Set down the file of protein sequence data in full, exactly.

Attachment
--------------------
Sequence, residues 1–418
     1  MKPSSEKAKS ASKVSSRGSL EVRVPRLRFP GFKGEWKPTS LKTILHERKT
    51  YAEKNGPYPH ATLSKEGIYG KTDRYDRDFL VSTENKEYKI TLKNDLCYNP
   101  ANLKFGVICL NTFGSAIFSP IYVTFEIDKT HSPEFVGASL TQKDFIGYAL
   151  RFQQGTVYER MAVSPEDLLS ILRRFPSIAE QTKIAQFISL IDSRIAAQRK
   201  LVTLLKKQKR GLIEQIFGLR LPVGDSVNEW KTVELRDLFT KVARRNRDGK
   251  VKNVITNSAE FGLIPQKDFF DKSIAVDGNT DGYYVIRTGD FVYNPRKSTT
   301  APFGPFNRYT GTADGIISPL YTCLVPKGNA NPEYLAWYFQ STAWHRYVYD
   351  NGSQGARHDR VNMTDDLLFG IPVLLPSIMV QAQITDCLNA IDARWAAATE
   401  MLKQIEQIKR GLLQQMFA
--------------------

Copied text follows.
Sequence, residues 1–418
     1  MKPSSEKAKS ASKVSSRGSL EVRVPRLRFP GFKGEWKPTS LKTILHERKT
    51  YAEKNGPYPH ATLSKEGIYG KTDRYDRDFL VSTENKEYKI TLKNDLCYNP
   101  ANLKFGVICL NTFGSAIFSP IYVTFEIDKT HSPEFVGASL TQKDFIGYAL
   151  RFQQGTVYER MAVSPEDLLS ILRRFPSIAE QTKIAQFISL IDSRIAAQRK
   201  LVTLLKKQKR GLIEQIFGLR LPVGDSVNEW KTVELRDLFT KVARRNRDGK
   251  VKNVITNSAE FGLIPQKDFF DKSIAVDGNT DGYYVIRTGD FVYNPRKSTT
   301  APFGPFNRYT GTADGIISPL YTCLVPKGNA NPEYLAWYFQ STAWHRYVYD
   351  NGSQGARHDR VNMTDDLLFG IPVLLPSIMV QAQITDCLNA IDARWAAATE
   401  MLKQIEQIKR GLLQQMFA